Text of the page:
LGBTQ Pride celebrations have already begun — and what a year to be black and queer in America! Lena Waithe brought the whole pride flag to the Met gala. And Janelle Monae’s album, Dirty Computer, is continuing to give me the most life. I have been meditating on one particular stanza of her song "Crazy, Classic, Life":

We don’t need another ruler
All of my friends are kings
I am not the American Nightmare 
I am the American Dream 
Now let me live my life

These lyrics particularly spoke to me because each year before LGBTQ Pride Month, I set aside time to celebrate and reflect on the wisdom and triumphs of the many black queer women who came before me. I often find myself sitting in awe of my ancestors like Audre Lorde and Octavia Butler, and I try to gain inspiration from their tenacity, courage and determination to overcome the seemingly insurmountable barriers that they faced every day in the United States and around the world.  

This year, my reflection took me to a dark place. Instead of feeling inspired and rejuvenated, I became wracked with guilt. The truth is, I’m tired. And overwhelmed. Fighting back against Trump’s cruel rhetoric and harmful policies has left me feeling depleted. And after a year and five months of resisting an administration that does not believe that black queer feminist lives should exist, let alone matter, I felt frozen in place.

Am I failing my ancestors, who went through so much just so I could exist today?

Then, I heard the faint whisper of an ancestor say, “Move.”  OK, so it probably was not an ancestor, but I’m a yoga teacher-in-training, so listening to my body, mind and spirit is something that I practice regularly. Whether that inner voice is from the distant past or my own inner wisdom, I’ve learned to listen to it.

I needed to move forward. I realized that the guilt I was feeling for not being able to live up to my ancestors’ expectations of hard work, which can be summed up in the infamous black mantra I learned as a kid (“You have to work twice as hard to get half as much as white people"), was holding me hostage. I know my ancestors worked hard so that I can live today, and I am all that I am because of their dedication to my survival. But that doesn’t mean I have to hold myself to unreasonable expectations — expectations that were actually created by a white patriarchal monolithic culture that tried to use my hardworking survivalist nature against me by telling me to “keep my head down” and “work hard,” resulting in me not having the energy to recognize the inequalities of my American experience and fight back. Not anymore. I’m black. I’m queer. I’m proud. And, I am loud. I refuse to be silent and suffer under expectations designed to make me feel like I’m always running, trying to catch my morning train.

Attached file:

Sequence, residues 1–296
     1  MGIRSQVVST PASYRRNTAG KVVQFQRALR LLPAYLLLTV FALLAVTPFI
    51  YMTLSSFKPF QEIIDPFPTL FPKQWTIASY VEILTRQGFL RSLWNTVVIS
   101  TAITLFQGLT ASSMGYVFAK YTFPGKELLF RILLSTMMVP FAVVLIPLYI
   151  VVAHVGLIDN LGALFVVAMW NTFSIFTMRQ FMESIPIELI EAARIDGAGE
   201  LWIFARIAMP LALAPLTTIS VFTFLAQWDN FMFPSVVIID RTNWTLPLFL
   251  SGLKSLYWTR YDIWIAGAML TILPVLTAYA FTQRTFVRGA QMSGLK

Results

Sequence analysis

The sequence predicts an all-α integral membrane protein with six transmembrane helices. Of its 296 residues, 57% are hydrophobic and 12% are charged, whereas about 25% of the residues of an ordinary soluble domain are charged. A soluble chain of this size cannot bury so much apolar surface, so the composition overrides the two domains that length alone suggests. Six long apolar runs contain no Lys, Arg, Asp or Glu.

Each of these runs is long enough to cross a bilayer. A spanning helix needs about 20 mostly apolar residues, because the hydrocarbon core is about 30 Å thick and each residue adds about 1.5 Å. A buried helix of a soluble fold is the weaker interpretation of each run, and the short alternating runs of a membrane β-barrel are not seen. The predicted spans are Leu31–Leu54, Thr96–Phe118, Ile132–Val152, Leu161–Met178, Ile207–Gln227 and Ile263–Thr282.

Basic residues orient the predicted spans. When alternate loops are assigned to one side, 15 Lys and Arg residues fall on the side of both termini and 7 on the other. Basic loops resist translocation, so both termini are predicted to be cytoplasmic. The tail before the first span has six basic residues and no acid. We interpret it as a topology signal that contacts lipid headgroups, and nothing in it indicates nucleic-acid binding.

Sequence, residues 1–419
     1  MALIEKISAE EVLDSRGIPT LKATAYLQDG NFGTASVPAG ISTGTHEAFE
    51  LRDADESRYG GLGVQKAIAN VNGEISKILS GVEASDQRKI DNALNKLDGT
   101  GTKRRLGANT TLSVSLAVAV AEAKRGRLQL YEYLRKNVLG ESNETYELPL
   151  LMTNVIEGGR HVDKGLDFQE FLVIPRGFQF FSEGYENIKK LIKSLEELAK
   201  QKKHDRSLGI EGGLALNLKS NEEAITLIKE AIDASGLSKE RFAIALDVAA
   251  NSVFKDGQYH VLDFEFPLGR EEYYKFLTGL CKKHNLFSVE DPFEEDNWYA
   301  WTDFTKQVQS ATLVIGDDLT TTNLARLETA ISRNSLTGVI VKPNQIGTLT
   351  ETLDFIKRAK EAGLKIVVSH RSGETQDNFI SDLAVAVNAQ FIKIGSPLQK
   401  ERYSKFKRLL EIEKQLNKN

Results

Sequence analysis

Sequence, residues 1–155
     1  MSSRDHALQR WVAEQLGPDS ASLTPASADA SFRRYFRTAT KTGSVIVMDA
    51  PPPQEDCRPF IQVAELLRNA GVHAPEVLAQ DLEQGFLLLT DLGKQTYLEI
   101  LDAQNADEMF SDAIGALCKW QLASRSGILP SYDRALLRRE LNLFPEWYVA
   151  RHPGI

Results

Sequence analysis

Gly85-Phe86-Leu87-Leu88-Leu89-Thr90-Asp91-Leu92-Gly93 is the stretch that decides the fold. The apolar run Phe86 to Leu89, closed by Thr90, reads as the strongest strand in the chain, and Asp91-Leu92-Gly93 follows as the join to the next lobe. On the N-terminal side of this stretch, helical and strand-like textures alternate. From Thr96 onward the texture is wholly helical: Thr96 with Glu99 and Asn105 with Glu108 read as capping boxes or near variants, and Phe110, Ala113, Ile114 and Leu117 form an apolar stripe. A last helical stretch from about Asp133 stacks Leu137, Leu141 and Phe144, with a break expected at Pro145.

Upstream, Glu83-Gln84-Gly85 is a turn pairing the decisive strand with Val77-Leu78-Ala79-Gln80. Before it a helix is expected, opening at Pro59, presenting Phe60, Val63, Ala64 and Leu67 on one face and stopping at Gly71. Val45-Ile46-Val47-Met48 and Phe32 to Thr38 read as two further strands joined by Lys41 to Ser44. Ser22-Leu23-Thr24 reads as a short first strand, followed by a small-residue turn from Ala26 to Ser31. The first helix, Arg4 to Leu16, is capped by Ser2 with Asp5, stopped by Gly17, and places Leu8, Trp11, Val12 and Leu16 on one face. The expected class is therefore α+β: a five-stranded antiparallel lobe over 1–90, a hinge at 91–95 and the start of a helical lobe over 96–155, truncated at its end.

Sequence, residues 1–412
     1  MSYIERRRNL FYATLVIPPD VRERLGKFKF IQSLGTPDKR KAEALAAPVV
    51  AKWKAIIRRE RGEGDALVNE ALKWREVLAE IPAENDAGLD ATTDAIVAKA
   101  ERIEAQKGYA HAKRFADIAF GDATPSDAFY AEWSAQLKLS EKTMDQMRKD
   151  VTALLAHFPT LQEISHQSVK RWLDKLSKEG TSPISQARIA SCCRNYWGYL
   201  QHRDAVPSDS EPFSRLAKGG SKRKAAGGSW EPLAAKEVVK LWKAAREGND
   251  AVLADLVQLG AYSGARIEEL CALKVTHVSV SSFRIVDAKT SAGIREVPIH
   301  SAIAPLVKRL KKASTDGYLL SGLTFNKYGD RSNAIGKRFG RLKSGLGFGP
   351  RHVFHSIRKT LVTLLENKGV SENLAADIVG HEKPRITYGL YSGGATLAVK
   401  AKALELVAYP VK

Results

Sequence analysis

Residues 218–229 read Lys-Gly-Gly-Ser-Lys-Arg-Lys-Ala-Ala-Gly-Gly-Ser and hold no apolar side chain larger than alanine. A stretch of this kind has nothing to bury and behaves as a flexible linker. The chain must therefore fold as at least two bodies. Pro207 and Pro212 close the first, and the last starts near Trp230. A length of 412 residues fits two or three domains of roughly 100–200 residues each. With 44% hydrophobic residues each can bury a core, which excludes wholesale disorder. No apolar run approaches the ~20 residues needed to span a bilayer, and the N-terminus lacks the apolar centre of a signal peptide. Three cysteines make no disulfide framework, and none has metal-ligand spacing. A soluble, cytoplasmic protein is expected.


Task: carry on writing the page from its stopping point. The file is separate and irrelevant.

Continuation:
After all, my ancestors also fought and survived so that I could have joy, right?

I’ve decided to reexamine the “wisdom” of feeling like I have to work twice as hard or else feel like I’m failing someone. It’s 2018, and it’s time for me to redefine what the definition of “hard work” means. Today, hard work looks like waking up every morning and continuing to exist: Black queer existence is resistance. Resistance looks different for all of us and varies from day-to-day. Sometimes, resistance is continuing to breathe.

I love the quote “I am my ancestor’s wildest dreams” for all that it represents. And maybe I am! I am a 30-year-old black queer lawyer from the south drafting legislation and fighting for abortion access and LGBTQ liberation in Washington, DC. It’s pretty wild. But I want to move from the singular focus of learning from the past, to imagining and creating the black queer feminist future of my own wildest dreams. I’ve realized that I need to create a new reality and a new definition of freedom that differs from our predecessors.  

In looking to the future — beyond the Trump administration and all its cruelty — I am once again energized because I know that black queer women can dream the impossible into being. We’ve done it so many times before. I hope that someday my descendants find some inspiration in the world I am creating, but more than that, I hope they can dream of even bolder and more beautiful black queer futures for themselves.